The Biology Department's annual TriBeta alumni panel on Friday, Nov. 1, gave students the opportunity to have questions answered about classes, social life, finding a job and taking advantage of all Elon has to offer.
Time at Elon University is precious and filled with opportunities to grow and build strengths, and students should take advantage of as many as possible before graduation.
That was message five alumni of Elon’s Biology Department gave students Friday at the 11th annual TriBeta biological honors society alumni panel in McMichael Hall. The breadth of study and cultural offerings on campus, and connections beyond classrooms, help prepare undergraduates for life and leadership after Elon.
“This is the richest environment you could have to discover as many things as you want,” said Gabi Resh ’17, currently a researcher at Duke University School of Medicine. “Volunteer. Go to events and hear speakers. Be open-minded. Talk to as many people as you can.”
Other speakers on the panel were:
- Brian Dunn ’16, enrolled in graduate school at N.C. State University School of Business focusing on biotechnology;
- Emily Keller ’19, enrolled in the Wake Forest School of Medicine Physician Assistant Program;
- Ashley Meerbergen ’14, who earned a nursing degree at Emory University and is currently pursuing a masters in outcomes and systems management at UNC-Chapel Hill while working in the emergency department at UNC Hospitals; and
- Ellen Montgomery ’18, enrolled in the doctorate program in School of Pharmacology at UNC-Chapel Hill.
Here are pieces of advice they shared:
Explore career options by meeting as many people as you can.
“I volunteered at hospitals at home,” Keller said. “I walked the halls interviewing anyone I could find about health care and hospitals. That showed me that I loved what (physicians assistants) were doing. They are focused on patient care, and they’re the perfect mid-level provider.”
“You have to reach out to people,” Dunn said. “Set up informative interviews. Do research about the company on the website. Say: These are my interests, what do you do here, and where do my interests fit. Elon also has great alumni who will help you. Reach out!”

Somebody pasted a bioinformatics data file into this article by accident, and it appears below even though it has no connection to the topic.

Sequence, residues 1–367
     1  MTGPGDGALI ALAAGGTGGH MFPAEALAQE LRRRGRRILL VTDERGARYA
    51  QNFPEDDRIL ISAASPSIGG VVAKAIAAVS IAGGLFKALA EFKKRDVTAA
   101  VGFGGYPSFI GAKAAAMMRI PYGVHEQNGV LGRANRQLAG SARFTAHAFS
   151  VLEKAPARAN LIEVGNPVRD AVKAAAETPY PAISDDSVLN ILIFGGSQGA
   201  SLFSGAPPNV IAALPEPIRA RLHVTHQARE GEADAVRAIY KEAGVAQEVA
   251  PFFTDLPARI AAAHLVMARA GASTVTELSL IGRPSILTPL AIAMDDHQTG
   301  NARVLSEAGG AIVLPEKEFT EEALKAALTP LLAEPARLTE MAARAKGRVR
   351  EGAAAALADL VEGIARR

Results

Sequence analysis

Take advantage of extracurricular opportunities.
“There are so many extracurriculars offered at Elon,” Montgomery said. “There’s a heavy course load and research and internships, but don’t forget about the leadership opportunities (at student organizations). Those are skills you will need in any job.”
“I didn’t take advantage of as many clubs and sports as I would have liked,” Resh said. “I saw a lot of cool things going on, but maybe there was a paper due or an exam to study for. Be more flexible with yourself. If there is a speaker coming that you’re interested in, go see that talk. Just do stuff.”
When in doubt, get a nursing degree.
“Go to nursing school, especially if you’re not sure about medicine,” Meerbergen said. “Nursing is fast. It gets you patient contact hours, gets you paid fast, and lays an amazing foundation for whatever you decide to do in medicine. Having a nursing degree in the medical field is always going to be a good thing.”
Take classes outside of your major.
“If something catches your eye, take it,” Keller said. “Don’t do something just for a minor. Take classes because you want to. Those classes will be meaningful for the rest of your life.”
“Take advantage of the wide breadth of classes that Elon offers,” said Dunn, who reflected on an art history course. “You will meet new people and learn new things. Just doing that teaches you a bunch of valuable skills.”
Do undergraduate research.
“It teaches you to be curious about everything. It teaches you how to ask questions all the time,” Keller said.
And if nothing else, it gives you a good story.
“I woke up at 4 a.m. every day for three years to study mockingbirds” with Professor Dave Gammon, Resh said. “It comes up in every interview: ‘So, mockingbirds, huh?’ It makes a good story, and it makes me memorable to them.”